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Fake News: Spot Fake News

A library guide about news hoaxes, misinformation, and propaganda

Techniques to Identify and Stop Fake News

C.R.A.P. Test

Crap Test

Using the CRAP test on the article can help reveal if the article is fake news.

  • How current is it?
  • Is it reliable?
  • What audience is it for?
  • What's the purpose?

SMCC has a great guide for applying the CRAP test

Other Visual Clues

  • Spelling errors
  • Grammar Mistakes
  • Broken hyperlinks
  • Bad graphic design
  • Bad website design
  • Untraceable or uncited sources
  • Lack of a particular style, most journalists follow AP style

How to Spot Fake News Infographic

Consider the Source

Click away from the story to investigate the site, its mission and its contact info.

Read Beyond Headlines

Headlines can be outrageous in an effort to get clicks. What's the whole story?

Check the Author

Do a quick search on the author(s). Are they credible? Are they real?

Supporting Sources?

Click on those links. Determine if the info given actually supports the story.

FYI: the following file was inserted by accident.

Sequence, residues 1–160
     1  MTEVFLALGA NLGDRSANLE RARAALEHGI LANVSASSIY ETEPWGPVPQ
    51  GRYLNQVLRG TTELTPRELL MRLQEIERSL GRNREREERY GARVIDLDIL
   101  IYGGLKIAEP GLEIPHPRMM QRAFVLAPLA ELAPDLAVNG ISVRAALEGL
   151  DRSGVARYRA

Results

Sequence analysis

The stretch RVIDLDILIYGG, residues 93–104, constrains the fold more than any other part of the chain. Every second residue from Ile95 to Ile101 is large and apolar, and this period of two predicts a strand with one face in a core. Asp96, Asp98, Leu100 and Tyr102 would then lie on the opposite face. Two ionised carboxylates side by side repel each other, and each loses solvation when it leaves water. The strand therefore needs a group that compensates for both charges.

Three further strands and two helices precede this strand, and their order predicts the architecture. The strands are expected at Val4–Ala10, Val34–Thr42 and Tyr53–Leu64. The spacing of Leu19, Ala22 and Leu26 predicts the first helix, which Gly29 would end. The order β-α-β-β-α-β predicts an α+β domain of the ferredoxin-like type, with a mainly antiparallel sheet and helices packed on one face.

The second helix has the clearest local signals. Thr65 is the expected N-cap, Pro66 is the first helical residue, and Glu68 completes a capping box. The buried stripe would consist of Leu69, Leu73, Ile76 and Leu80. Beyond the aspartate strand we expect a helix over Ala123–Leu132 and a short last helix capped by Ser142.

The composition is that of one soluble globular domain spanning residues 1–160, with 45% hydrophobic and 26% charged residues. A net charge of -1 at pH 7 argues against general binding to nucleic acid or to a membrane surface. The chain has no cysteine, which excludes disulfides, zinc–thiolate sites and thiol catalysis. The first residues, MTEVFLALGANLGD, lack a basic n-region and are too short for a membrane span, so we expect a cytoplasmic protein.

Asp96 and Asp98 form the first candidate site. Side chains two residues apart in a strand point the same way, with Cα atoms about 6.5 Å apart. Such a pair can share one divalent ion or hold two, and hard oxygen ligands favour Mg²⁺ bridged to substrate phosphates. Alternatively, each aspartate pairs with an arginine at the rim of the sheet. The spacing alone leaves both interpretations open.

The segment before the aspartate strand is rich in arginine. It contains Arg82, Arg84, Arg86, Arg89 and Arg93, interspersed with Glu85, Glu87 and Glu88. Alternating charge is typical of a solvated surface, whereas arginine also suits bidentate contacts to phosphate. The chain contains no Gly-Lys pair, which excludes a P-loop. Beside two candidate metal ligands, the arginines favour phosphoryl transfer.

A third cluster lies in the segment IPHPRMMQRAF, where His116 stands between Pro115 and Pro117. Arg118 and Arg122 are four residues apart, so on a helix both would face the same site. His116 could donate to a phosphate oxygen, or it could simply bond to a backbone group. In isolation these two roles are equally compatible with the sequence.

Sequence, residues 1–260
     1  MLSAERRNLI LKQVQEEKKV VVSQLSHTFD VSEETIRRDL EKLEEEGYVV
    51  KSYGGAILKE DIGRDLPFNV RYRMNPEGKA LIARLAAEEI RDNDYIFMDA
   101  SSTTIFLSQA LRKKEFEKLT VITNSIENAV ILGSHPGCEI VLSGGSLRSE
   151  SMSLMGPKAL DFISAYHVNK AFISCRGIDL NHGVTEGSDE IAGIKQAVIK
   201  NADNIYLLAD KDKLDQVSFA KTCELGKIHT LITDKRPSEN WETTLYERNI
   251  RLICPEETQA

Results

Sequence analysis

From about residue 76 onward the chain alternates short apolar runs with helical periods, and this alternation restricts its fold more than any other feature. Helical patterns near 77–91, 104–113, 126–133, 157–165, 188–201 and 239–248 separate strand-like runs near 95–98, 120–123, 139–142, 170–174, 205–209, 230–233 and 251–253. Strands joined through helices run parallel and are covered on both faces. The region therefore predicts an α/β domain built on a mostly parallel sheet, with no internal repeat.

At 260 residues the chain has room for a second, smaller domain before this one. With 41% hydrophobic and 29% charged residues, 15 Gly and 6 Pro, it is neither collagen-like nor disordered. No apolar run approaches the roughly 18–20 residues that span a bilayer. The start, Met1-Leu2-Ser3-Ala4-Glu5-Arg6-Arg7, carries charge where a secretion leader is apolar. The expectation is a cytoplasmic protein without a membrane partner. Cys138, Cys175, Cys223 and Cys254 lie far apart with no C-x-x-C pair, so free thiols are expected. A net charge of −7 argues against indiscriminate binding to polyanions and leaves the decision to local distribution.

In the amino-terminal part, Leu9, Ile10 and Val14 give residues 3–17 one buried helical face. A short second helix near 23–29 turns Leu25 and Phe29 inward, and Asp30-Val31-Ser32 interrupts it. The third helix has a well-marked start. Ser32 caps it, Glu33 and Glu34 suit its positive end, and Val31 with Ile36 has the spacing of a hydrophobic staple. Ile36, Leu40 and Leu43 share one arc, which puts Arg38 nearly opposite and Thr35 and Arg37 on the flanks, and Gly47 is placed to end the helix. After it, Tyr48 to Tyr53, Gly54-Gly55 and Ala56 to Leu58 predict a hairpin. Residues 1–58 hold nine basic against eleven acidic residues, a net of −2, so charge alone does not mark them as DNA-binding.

Check the Date

Re-posting old news stories doesn't mean they're relevant to current events.

Is It a Joke?

If it is too outlandish, it might be satire. Research the site and author to be sure.

Check Your Biases

Consider if your own beliefs could affect your judgment.

Ask the Experts

Ask a librarian, or consult a fact-checking site.

Here is an example comparing the SiteID or logo of a well known news company vs a copy-cat fake news site. Look for visual clues in the logos, Site ID, and other parts of the website, like the graphics and design.

fake news logo example vs a real logo

The real news company has a professionally designed SiteID that matches its familiar corporate logo. The fake site uses a low-quality imitation.

Fake news info graphic by IFLA